|Publication number||US7807220 B2|
|Application number||US 10/566,194|
|Publication date||Oct 5, 2010|
|Filing date||Jul 27, 2004|
|Priority date||Aug 15, 2003|
|Also published as||CN1836057A, DE602004027394D1, EP1664365A1, EP1664365B1, US20060242911, WO2005017227A1|
|Publication number||10566194, 566194, PCT/2004/2403, PCT/IB/2004/002403, PCT/IB/2004/02403, PCT/IB/4/002403, PCT/IB/4/02403, PCT/IB2004/002403, PCT/IB2004/02403, PCT/IB2004002403, PCT/IB200402403, PCT/IB4/002403, PCT/IB4/02403, PCT/IB4002403, PCT/IB402403, US 7807220 B2, US 7807220B2, US-B2-7807220, US7807220 B2, US7807220B2|
|Inventors||Anine Hester Ras, Geoffrey John Davies|
|Original Assignee||Anine Hester Ras, Geoffrey John Davies|
|Export Citation||BiBTeX, EndNote, RefMan|
|Patent Citations (18), Non-Patent Citations (1), Classifications (20), Legal Events (4)|
|External Links: USPTO, USPTO Assignment, Espacenet|
This application is a 371 of PCT/IB2004/002403 filed on Jul. 27, 2004, published on Feb. 24, 2005 under publication number WO 2005/017227 A1 and claims priority benefits of South African Patent Application No. ZA 2003/6374 filed Aug. 15, 2003.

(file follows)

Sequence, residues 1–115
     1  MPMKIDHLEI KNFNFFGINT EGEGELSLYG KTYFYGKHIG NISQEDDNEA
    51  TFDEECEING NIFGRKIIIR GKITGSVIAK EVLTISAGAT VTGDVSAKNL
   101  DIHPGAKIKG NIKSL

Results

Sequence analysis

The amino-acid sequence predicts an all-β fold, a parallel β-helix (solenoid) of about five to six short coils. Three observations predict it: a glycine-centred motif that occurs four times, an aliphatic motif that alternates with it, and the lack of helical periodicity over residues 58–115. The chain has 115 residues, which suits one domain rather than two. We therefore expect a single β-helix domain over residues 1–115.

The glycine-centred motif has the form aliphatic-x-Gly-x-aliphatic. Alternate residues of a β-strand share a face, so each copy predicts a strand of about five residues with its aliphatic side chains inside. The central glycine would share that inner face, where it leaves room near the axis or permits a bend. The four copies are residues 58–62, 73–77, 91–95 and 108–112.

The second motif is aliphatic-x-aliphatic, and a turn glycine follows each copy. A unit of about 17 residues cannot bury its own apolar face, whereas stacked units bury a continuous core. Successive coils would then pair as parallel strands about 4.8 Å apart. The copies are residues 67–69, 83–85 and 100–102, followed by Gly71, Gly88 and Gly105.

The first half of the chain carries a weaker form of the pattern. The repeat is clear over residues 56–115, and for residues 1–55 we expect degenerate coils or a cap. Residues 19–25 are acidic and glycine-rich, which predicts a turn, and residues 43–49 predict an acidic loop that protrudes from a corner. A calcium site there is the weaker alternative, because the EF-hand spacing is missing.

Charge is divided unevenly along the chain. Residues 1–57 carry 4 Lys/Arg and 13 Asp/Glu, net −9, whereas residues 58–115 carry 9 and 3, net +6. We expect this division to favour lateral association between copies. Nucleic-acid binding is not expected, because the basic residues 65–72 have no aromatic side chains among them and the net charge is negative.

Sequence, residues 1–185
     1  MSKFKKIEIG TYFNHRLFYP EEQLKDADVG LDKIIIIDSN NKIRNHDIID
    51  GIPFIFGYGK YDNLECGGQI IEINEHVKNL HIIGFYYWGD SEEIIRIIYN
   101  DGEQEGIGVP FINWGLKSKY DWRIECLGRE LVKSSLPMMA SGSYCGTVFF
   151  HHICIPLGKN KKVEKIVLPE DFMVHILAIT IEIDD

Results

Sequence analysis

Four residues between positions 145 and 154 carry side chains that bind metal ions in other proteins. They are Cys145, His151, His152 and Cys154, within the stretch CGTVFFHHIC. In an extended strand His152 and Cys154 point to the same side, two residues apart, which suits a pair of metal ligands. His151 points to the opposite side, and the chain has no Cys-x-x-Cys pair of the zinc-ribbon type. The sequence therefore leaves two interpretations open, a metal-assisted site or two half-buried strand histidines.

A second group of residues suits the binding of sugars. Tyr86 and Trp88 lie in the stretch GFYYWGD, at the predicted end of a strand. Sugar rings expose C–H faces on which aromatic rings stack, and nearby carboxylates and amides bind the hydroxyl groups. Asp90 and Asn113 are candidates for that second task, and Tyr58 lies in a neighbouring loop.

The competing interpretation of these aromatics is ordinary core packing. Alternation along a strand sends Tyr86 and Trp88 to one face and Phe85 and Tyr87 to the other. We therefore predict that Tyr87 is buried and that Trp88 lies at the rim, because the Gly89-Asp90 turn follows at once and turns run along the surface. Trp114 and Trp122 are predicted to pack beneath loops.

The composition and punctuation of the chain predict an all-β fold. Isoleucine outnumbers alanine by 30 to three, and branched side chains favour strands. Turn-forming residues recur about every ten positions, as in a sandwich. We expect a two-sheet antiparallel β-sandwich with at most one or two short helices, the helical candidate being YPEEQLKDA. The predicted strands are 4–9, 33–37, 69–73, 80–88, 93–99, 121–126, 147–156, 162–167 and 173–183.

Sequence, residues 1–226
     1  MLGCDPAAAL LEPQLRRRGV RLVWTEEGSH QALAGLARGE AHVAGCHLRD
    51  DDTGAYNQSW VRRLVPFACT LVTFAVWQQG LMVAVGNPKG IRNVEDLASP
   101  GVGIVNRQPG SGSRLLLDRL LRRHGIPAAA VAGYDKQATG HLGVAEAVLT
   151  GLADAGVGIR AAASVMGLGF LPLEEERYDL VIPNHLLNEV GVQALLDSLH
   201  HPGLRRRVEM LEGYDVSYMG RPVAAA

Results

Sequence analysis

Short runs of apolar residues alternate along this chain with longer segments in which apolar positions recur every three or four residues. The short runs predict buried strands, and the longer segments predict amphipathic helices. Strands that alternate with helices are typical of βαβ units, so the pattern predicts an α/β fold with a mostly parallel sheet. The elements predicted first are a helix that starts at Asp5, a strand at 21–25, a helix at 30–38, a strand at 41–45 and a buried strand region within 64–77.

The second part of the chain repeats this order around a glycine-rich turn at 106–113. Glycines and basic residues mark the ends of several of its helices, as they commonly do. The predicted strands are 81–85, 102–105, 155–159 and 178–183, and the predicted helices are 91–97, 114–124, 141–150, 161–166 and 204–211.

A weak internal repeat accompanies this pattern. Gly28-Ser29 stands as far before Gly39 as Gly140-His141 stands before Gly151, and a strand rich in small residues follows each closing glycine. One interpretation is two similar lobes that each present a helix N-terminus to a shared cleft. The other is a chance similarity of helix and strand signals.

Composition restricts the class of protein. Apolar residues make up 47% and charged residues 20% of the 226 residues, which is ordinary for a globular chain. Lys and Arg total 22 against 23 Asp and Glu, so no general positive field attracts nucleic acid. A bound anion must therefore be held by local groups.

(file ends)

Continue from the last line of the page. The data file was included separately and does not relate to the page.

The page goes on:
This invention relates to boron coated abrasives, a process for their production, and to boron coated abrasives for use in saw blade segments, grinding wheels and other abrasive-containing tools.
Abrasive particles such as diamond and cubic boron nitride are commonly used in cutting, grinding, drilling, sawing and polishing applications. In such applications, abrasive particles are mixed with metal powder mixes, then sintered at high temperatures to form bonded cutting elements. Typical bond matrices contain iron, cobalt, copper, nickel and/or alloys thereof.
Common problems in applications are retention of particles in the bond matrix, and resistance against oxidative attack during the sintering process and the subsequent application.
These problems are commonly addressed by coating the abrasive particles with metals or alloys which bond chemically to the particle, and alloy to the bond matrix. Typically, chemical vapour deposition (CVD) or physical vapour deposition (PVD sputter coating) techniques are used. A disadvantage of the CVD technique is that it often requires the use of highly toxic chemical compounds. A disadvantage of the PVD technique, being a low temperature technique, is that the metal coating does not form a chemical bond with the grit particles.
U.S. Pat. No. 6,524,357 discloses a process for coating a superabrasive with a metal by heating the superabrasive and a coat-forming powder in an inert atmosphere. It is a requirement of this process that the coating powder contains a metal compound of which the metal is thermally reducible by the superabrasive.